In the early spring of 2009, a team of doctors at the Lucile Packard Children’s Hospital at Stanford University lifted a 2-year-old into an MRI scanner. The boy, whom I’ll call Bryce, looked tiny and forlorn inside the cavernous metal device. The stuffed monkey dangling from the entrance to the scanner did little to cheer up the scene. Bryce couldn’t see it, in any case; he was under general anesthesia, with a tube snaking from his throat to a ventilator beside the scanner. Ten months earlier, Bryce had received a portion of a donor’s liver to replace his own failing organ. For a while, he did well. But his latest lab tests were alarming. Something was going wrong — there was a chance that one or both of the liver’s bile ducts were blocked.
Shreyas Vasanawala, a pediatric radiologist at Packard, didn’t know for sure what was wrong, and hoped the MRI would reveal the answer. Vasanawala needed a phenomenally hi-res scan, but if he was going to get it, his young patient would have to remain perfectly still. If Bryce took a single breath, the image would be blurred. That meant deepening the anesthesia enough to stop respiration. It would take a full two minutes for a standard MRI to capture the image, but if the anesthesiologists shut down Bryce’s breathing for that long, his glitchy liver would be the least of his problems.
However, Vasanawala and one of his colleagues, an electrical engineer named Michael Lustig, were going to use a new and much faster scanning method. Their MRI machine used an experimental algorithm called compressed sensing — a technique that may be the hottest topic in applied math today. In the future, it could transform the way that we look for distant galaxies. For now, it means that Vasanawala and Lustig needed only 40 seconds to gather enough data to produce a crystal-clear image of Bryce’s liver.
Compressed sensing was discovered by chance. In February 2004, Emmanuel Candès was messing around on his computer, looking at an image called the Shepp-Logan Phantom. The image — a standard picture used by computer scientists and engineers to test imaging algorithms — resembles a Close Encounters alien doing a quizzical eyebrow lift. Candès, then a professor at Caltech, now at Stanford, was experimenting with a badly corrupted version of the phantom meant to simulate the noisy, fuzzy images you get when an MRI isn’t given enough time to complete a scan. Candès thought a mathematical technique called l1 minimization might help clean up the streaks a bit. He pressed a key and the algorithm went to work.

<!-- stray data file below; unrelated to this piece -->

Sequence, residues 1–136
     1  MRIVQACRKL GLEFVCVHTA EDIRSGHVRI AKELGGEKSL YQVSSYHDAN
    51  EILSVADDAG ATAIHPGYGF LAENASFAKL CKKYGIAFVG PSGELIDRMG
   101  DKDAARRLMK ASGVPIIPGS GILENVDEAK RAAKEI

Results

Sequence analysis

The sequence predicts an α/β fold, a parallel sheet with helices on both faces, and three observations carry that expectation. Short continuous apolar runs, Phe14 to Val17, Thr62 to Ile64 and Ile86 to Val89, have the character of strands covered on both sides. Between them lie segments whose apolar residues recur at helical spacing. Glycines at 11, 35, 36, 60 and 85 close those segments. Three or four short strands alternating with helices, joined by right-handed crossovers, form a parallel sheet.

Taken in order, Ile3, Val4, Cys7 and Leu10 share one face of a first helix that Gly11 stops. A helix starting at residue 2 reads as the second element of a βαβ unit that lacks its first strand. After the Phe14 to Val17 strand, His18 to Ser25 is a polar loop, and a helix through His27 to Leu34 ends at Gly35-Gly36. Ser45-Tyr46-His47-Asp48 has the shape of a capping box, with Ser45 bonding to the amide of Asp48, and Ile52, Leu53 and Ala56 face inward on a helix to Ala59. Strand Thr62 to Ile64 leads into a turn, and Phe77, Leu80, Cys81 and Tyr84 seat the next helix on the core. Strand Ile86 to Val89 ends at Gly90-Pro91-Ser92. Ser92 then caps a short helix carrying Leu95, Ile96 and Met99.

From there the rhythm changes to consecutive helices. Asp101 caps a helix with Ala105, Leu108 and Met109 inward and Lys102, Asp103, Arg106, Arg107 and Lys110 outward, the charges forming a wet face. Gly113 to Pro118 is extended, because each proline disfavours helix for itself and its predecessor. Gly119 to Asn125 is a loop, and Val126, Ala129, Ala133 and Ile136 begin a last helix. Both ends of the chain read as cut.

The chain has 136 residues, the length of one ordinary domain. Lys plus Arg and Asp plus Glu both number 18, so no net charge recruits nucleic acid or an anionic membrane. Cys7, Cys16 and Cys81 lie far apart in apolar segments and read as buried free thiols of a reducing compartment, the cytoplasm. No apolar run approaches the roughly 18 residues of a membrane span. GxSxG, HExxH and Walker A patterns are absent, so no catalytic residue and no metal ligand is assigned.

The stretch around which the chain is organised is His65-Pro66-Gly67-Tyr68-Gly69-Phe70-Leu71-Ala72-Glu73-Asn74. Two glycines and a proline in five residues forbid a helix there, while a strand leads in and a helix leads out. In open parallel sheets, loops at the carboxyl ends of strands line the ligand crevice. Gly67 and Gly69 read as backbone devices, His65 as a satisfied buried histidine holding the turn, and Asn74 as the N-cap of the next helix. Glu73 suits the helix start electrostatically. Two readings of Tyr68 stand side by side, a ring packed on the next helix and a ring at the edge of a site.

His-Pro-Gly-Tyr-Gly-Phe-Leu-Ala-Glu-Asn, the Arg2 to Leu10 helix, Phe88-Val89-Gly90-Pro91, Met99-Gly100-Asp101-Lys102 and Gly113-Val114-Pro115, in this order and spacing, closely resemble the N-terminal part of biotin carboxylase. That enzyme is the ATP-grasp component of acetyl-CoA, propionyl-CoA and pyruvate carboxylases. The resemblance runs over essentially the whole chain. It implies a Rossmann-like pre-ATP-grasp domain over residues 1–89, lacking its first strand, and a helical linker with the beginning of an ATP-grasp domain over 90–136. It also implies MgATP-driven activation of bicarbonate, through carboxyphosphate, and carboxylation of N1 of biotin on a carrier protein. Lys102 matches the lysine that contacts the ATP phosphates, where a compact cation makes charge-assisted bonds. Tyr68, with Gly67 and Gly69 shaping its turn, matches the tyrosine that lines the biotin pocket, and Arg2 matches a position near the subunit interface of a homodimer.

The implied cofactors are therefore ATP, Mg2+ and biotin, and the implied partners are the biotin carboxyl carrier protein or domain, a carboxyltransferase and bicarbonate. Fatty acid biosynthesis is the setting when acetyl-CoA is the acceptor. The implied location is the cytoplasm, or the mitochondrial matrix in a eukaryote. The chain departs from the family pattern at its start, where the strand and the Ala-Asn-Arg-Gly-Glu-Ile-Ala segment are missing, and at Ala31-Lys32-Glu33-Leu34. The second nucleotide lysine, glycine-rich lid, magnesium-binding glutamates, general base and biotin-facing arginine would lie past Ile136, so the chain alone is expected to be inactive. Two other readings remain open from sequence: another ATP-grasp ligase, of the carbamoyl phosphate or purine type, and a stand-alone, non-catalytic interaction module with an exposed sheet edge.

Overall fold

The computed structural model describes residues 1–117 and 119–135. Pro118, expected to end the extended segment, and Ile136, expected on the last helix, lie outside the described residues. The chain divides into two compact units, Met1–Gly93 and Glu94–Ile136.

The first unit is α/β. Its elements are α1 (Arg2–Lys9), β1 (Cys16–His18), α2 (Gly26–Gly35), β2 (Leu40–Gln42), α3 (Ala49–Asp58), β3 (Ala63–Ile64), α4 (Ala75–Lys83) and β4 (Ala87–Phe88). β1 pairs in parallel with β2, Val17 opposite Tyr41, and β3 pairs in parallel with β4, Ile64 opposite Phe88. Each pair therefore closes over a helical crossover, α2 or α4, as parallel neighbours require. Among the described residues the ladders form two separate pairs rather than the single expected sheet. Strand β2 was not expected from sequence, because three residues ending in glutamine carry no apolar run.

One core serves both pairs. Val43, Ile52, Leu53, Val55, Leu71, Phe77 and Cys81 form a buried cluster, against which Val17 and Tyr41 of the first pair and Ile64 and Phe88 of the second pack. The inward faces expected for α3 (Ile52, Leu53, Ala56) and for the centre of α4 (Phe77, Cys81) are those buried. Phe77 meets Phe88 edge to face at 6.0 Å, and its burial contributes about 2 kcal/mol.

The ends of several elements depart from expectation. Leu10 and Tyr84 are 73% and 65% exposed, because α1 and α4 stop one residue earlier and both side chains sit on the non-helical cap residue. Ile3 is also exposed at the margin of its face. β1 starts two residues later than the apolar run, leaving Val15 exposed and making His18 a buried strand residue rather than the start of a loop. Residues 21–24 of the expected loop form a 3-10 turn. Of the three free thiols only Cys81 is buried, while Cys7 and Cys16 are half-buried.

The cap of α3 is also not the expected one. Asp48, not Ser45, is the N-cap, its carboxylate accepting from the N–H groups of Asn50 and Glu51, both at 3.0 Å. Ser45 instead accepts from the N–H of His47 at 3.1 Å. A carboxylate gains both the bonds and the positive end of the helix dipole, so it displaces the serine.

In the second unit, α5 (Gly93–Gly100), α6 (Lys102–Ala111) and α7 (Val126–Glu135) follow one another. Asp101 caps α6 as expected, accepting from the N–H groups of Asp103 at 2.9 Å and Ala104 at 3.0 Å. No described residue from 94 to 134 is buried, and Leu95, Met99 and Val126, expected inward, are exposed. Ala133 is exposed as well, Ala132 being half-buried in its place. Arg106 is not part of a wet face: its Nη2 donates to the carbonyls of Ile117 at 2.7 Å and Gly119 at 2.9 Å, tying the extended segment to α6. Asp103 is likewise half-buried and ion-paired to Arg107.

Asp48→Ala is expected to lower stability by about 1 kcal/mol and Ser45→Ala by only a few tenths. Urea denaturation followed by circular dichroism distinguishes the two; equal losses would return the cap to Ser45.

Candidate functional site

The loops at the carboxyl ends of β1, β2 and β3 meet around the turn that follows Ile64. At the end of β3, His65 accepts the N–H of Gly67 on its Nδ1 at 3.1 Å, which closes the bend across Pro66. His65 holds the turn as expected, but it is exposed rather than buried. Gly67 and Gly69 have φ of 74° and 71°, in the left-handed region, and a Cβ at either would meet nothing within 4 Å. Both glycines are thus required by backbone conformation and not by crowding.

Candès expected the phantom on his screen to get slightly cleaner. But then suddenly he saw it sharply defined and perfect in every detail — rendered, as though by magic, from the incomplete data. Weird, he thought. Impossible, in fact. “It was as if you gave me the first three digits of a 10-digit bank account number — and then I was able to guess the next seven,” he says. He tried rerunning the experiment on different kinds of phantom images; they resolved perfectly every time.
Candès, with the assistance of postdoc Justin Romberg, came up with what he considered to be a sketchy and incomplete theory for what he saw on his computer. He then presented it on a blackboard to a colleague at UCLA named Terry Tao. Candès came away from the conversation thinking that Tao was skeptical — the improvement in image clarity was close to impossible, after all. But the next evening, Tao sent a set of notes to Candès about the blackboard session. It was the basis of their first paper together. And over the next two years, they would write several more.
That was the beginning of compressed sensing, or CS, the paradigm-busting field in mathematics that’s reshaping the way people work with large data sets. Only six years old, CS has already inspired more than a thousand papers and pulled in millions of dollars in federal grants. In 2006, Candès’ work on the topic was rewarded with the $500,000 Waterman Prize, the highest honor bestowed by the National Science Foundation. It’s not hard to see why. Imagine MRI machines that take seconds to produce images that used to take up to an hour, military software that is vastly better at intercepting an adversary’s communications, and sensors that can analyze distant interstellar radio waves. Suddenly, data becomes easier to gather, manipulate, and interpret.
Source: http://www.wired.com/magazine/2010/02/ff_algorithm/ by Jordan Ellenberg